Technical Brief

J. Thermal Sci. Eng. Appl. 2017;9(4):044501-044501-4. doi:10.1115/1.4036009.
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Effects of server/rack locations and server loading configurations on the thermal performance of data center racks' array are experimentally investigated using a scaled physical model simulating real data. Front and rear rack temperatures profiles, server temperatures, and performance indices supply/return heat index (SHI/RHI) are used to evaluate the thermal management of the racks' array. The results showed that (i) servers located in high level rack cabinet have the worst thermal performance, (ii) middle racks of the rack row showed optimum thermal performance and energy efficiency, and (iii) locating the servers of high power densities in the middle of the racks row improves the thermal performance and energy efficiency of the racks array.

Commentary by Dr. Valentin Fuster
J. Thermal Sci. Eng. Appl. 2017;9(4):044502-044502-6. doi:10.1115/1.4035971.
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In this paper, we consider the heat transfer problems associated with a periodic array of triangular, longitudinal, axisymmetric, and pin fins. The problems are modeled as a wall where the flat side is isothermal and the other side, which has extended surfaces/fins, is subjected to convection with a uniform heat transfer coefficient. Hence, our analysis differs from the classical approach because (i) we consider multidimensional heat conduction and (ii) the wall on which the fins are attached is included in the analysis. The latter results in a nonisothermal temperature distribution along the base of the fin. The Biot number (Bi=ht/k) characterizing the heat transfer process is defined with respect to the thickness/diameter of the fins (t). Numerical results demonstrate that the fins would enhance the heat transfer rate only if the Biot number is less than a critical value, which, in general, depends on the geometrical parameters, i.e., the thickness of the wall, the length of the fins, and the period. For pin fins, similar to rectangular fins, the critical Biot number is independent of the geometry and is approximately equal to 3.1. The physical argument is that, under strong convection, a thick fin introduces an additional resistance to heat conduction.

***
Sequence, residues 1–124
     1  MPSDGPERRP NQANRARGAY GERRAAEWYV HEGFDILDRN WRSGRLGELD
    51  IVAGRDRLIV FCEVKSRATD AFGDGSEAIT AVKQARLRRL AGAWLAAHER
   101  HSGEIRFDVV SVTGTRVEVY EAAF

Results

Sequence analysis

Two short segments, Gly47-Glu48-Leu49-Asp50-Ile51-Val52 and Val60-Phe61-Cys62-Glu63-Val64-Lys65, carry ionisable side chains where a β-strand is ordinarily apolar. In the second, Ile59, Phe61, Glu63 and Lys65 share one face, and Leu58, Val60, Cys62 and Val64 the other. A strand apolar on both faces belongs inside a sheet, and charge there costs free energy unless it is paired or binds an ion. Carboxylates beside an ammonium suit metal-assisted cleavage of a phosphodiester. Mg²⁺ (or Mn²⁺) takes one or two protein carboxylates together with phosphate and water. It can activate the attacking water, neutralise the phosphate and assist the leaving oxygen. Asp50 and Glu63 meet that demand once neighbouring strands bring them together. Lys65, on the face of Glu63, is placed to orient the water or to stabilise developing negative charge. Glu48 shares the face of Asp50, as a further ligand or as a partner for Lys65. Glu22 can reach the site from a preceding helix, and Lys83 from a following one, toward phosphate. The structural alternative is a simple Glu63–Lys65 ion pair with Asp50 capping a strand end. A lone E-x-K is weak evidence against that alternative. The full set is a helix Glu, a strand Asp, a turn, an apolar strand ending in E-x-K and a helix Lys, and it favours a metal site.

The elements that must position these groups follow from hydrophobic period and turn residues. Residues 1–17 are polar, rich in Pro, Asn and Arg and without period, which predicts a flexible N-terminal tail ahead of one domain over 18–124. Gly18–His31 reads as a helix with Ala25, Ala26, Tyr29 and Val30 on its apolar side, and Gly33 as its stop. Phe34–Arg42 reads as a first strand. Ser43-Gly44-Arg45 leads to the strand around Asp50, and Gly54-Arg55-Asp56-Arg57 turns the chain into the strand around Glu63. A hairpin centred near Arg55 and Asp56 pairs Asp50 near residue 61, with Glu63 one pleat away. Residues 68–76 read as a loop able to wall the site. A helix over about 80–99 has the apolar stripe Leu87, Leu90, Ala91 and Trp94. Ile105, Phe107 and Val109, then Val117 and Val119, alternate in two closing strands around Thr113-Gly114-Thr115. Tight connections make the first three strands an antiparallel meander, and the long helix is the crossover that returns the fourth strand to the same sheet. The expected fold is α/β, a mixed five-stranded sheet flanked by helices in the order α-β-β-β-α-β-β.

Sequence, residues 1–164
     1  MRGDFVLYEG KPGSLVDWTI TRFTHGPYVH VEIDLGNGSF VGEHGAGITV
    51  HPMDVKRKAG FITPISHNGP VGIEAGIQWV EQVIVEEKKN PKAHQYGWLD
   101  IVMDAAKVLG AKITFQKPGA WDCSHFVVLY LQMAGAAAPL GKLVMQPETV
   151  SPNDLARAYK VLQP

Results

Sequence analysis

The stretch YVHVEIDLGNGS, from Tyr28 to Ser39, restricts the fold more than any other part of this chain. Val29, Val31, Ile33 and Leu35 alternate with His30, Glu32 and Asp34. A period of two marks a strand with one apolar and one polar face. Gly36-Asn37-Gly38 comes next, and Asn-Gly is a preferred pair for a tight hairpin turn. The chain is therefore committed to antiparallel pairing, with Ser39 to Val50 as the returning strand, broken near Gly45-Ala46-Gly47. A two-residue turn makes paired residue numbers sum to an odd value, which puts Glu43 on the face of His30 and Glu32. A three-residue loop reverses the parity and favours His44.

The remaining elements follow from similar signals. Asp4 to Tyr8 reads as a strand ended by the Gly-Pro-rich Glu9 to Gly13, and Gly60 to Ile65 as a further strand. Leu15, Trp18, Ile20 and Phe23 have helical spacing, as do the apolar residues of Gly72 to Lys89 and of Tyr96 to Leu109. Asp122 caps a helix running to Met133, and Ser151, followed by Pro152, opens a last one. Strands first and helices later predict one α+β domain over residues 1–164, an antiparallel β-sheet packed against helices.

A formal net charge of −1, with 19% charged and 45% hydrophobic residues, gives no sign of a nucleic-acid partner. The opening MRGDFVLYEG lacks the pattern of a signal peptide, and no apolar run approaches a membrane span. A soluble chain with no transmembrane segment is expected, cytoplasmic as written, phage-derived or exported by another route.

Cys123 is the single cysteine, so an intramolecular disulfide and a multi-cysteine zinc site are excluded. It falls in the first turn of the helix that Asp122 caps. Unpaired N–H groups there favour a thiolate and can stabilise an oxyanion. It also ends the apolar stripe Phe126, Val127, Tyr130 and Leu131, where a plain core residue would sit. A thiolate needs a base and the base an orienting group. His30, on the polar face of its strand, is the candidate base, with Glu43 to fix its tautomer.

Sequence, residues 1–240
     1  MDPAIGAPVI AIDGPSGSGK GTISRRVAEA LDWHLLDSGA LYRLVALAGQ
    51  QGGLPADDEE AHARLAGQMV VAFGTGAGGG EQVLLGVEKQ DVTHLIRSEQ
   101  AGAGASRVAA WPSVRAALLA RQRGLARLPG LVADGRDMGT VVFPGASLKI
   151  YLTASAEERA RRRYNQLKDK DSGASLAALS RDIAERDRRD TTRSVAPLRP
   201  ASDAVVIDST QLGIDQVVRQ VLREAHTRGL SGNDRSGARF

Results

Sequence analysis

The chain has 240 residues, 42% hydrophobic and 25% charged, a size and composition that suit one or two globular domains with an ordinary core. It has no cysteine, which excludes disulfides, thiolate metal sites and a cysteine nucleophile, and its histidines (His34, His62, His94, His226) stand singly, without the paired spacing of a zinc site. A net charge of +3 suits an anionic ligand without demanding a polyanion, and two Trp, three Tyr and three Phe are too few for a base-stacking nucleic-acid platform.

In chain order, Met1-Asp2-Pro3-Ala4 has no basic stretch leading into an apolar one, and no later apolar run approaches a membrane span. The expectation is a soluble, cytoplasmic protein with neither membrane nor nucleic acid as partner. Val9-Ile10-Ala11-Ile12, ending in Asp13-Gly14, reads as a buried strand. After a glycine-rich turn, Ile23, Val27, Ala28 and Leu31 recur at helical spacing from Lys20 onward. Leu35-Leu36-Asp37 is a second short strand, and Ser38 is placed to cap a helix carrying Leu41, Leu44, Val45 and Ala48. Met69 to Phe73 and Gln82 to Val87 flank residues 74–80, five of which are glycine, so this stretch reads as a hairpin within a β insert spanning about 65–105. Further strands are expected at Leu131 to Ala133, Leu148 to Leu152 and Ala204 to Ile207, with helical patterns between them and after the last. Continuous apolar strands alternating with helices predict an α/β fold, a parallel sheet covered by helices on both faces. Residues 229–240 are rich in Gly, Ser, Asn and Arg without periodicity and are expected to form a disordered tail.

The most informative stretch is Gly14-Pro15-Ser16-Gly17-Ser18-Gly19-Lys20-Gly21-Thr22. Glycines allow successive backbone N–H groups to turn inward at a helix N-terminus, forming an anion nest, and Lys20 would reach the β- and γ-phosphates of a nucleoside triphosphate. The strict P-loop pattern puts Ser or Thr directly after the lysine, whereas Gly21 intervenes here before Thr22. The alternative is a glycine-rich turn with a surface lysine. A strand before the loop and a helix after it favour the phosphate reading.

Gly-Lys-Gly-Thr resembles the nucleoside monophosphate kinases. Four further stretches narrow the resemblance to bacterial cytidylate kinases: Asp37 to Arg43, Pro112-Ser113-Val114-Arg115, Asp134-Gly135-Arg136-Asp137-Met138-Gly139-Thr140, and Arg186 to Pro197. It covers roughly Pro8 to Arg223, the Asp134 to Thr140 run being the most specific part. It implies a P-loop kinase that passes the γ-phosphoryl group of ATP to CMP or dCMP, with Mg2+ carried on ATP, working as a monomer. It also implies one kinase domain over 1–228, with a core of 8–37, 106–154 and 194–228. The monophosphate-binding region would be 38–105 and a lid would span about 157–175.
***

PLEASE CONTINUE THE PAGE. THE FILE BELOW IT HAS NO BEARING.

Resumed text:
Commentary by Dr. Valentin Fuster
J. Thermal Sci. Eng. Appl. 2017;9(4):044503-044503-6. doi:10.1115/1.4036362.
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This paper aims to identify performance improvements in cooker-top gas burners for changes in its original geometry, with aspect ratios (ARs) ranging from 0.25 to 0.56 and from 0.28 to 0.64. It operates on liquefied petroleum gas (LPG) and five thermal power (TP) levels. Considering the large number of cooker-top burners currently being used, even slight improvements in thermal performance resulting from a better design and recommended operating condition will lead to a significant reduction of energy consumption and costs. Appropriate instrumentation was used to carry out the measurements and methodology applied was based on regulations from INMETRO (CONPET program for energy conversion efficiency in cook top and kilns), ABNT (Brazilian Technical Standards Normative) and ANP—National Agency of Petroleum, Natural Gas (NG) and Biofuels. The results allow subsidizing recommendations to minimum energy performance standards (MEPS) for residential use, providing also higher energy conversion efficiency and/or lower fuel consumption. Main conclusions are: (i) Smaller aspect ratios result in the same heating capacity and higher efficiency; (ii) higher aspect ratios (original burners) are fuel consuming and inefficient; (iii) operating conditions set on intermediate are lower fuel consumption without significant differences in temperature increases; (iv) Reynolds number lower than 500 provides higher efficiencies.

Commentary by Dr. Valentin Fuster

Discussion

J. Thermal Sci. Eng. Appl. 2017;9(4):045501-045501-1. doi:10.1115/1.4036013.
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In the above paper, the energy equation (see Eq. (3) in Ref. [1]) is as follows: Display Formula

(1)Tt+uTx+vTy=1ρcpy(κTy)+Φρcp

Commentary by Dr. Valentin Fuster